Friday, February 16, 2007

Can EBay Be Used as a Customer Acquisition Tool?

Sellers! Change Your Thinking About EBay!

Let's talk about Customer Acquisition as a concept. Sellers who sell on eBay need to change their mindset, even sellers who are presently happy with the world of eBay. My suggestion is quit thinking of eBay as your home on the Internet and start thinking of it as a marketing tool. You are not "eBay sellers" you are online sellers who happen to sell on eBay. Repeat after me; I am an online seller and I sell on eBay -- I may need to start a 12-Step program for eBay sellers --remember, even if eBay is presently your only sales channel, you are using eBay to bring you customers. This change in thinking is crucial if you are to take control of your business. Change your mindset. You sell online! I know it can be difficult, but eBay is changing and right now we don't have a clue what it will ultimately look like. Look out for your business, eBay is looking out for theirs.

Ebay still brings tons of high value traffic to their site-after all they are the world's largest auction site, but the times "they are a changin" now that eBay has introduced Sponsored Links, purchased, and announced they are adding listings to CORE search, I believe it is becoming clear they want to become to shopping what Google has become to search-Google's recent innitiaves with GoogleBase and Google Checkout may hasten this change, but that is yet to be seen. Whether or not this actually happens sellers need to start looking at eBay as an acquisition tool rather than a destination. The key to this strategy is to open your own webstore/website for your product. Because of the lack of transparency in eBay's Store Referal credit, eBay stores should not be considered your webstore but a marketing tool just like CORE auctions. If eBay ever develops a transparent Store Referal system then sellers may be able to consider an eBay Store over their own independent website.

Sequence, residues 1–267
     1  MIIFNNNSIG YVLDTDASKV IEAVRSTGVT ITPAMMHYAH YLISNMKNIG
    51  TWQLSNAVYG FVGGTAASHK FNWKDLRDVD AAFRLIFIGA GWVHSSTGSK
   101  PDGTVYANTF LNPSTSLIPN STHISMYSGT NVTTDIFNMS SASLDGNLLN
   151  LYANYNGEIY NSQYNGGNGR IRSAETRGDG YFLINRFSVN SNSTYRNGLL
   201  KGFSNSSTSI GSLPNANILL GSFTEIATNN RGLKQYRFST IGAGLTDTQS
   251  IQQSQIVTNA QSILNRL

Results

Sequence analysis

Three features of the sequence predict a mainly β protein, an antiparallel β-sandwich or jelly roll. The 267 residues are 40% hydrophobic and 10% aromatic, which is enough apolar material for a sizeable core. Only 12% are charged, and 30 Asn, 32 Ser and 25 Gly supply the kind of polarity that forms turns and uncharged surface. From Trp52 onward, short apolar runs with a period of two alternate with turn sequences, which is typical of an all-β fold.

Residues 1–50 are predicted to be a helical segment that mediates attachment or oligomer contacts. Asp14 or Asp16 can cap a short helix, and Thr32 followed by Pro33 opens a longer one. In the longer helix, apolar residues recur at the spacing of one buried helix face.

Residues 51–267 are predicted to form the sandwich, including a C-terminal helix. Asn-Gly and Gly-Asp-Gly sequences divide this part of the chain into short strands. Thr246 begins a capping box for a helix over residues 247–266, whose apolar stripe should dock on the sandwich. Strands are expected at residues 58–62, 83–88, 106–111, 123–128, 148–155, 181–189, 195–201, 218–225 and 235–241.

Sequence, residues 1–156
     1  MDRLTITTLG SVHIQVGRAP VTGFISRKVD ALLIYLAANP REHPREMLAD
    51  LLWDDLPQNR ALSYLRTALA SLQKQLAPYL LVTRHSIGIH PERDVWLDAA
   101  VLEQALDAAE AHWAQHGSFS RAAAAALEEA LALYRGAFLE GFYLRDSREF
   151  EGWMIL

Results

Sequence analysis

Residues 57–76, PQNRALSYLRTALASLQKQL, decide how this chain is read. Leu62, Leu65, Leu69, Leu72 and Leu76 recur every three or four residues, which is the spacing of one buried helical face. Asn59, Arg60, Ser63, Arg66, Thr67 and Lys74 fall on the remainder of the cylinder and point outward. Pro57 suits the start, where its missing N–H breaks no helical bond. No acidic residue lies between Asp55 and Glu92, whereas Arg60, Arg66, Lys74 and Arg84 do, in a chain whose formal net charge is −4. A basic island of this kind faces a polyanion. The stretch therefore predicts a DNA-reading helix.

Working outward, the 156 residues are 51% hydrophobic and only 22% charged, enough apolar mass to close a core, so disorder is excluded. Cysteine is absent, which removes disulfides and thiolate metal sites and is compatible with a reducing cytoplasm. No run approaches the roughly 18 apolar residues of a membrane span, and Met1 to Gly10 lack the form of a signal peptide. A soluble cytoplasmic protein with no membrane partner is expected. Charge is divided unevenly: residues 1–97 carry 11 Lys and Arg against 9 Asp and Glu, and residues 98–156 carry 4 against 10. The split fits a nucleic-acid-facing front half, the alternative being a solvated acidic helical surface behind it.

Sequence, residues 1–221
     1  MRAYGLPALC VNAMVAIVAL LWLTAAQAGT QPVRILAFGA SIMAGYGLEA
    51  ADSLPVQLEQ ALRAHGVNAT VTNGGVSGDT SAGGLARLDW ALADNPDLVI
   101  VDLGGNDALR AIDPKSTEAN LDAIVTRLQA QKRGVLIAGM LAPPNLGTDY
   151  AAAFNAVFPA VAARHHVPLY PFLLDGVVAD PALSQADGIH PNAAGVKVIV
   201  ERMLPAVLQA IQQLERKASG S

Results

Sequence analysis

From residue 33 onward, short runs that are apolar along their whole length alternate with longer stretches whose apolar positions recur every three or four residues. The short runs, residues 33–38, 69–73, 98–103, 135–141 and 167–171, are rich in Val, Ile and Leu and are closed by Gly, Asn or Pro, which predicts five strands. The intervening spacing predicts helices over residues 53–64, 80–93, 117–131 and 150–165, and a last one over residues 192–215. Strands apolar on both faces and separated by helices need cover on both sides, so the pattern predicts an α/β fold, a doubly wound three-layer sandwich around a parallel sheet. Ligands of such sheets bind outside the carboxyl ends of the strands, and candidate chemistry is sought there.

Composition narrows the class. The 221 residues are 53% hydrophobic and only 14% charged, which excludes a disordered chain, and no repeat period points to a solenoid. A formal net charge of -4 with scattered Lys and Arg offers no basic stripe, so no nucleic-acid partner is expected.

Pardon me for a brief diversion OT: In Oct. I wrote that eBay Stores should become a hosting solution that feeds listings to multiple marketplaces and should have it's own shopping cart. There are currently far more eBay Stores than they will ever hope to have with ProStores and eBay Stores are much easier to work with. eBay could charge sellers a tiered monthly hosting fee based on inventory in their store and let them list according to their own marketing plan. Each TSE would have its own listing profile and listing/FVF fees. If sellers choose not to list on these TSE's, that will be there decision, they can find some other way to get shoppers to their Store items (Google AdWords or possibly Yahoo Sponsored ads on eBay). Enable sellers to feed their listings to eBay CORE, Stores, Express,,, Motors, Classifieds etc.

Since there is no movement by eBay to implement an idea like I've detailed above and there is no business reason to market to a Store that charges 10% FVF I would suggest launching your own WebStore. There are many WebStore options at present and many more on the way that offer low cost entry. MonsterCommerce, Yahoo Stores, Amazon WebStores, and eBay's ProStores offer entry level WebStores. These stores will help you list your product and facilitate transactions but be aware they are not marketing tools. You will still need to do the work to bring shoppers to your listings.

So, how can you bring customers to your WebStore from eBay? Unfortunately, since the eBay marketplace is very unsettled at this time I'm not going to mention hard and fast rules for moving eBay customers to your website, but I will provide some basics. As the "New" and I hope improved eBay is unveiled I can get down to more specifics. If I read the tealeaves correctly, eBay might be facilitating customer acquisition in the future, so if you have your own webstore now you will be able to quickly make use of the new eBay (of course maybe I read those tealeaves in my dreams).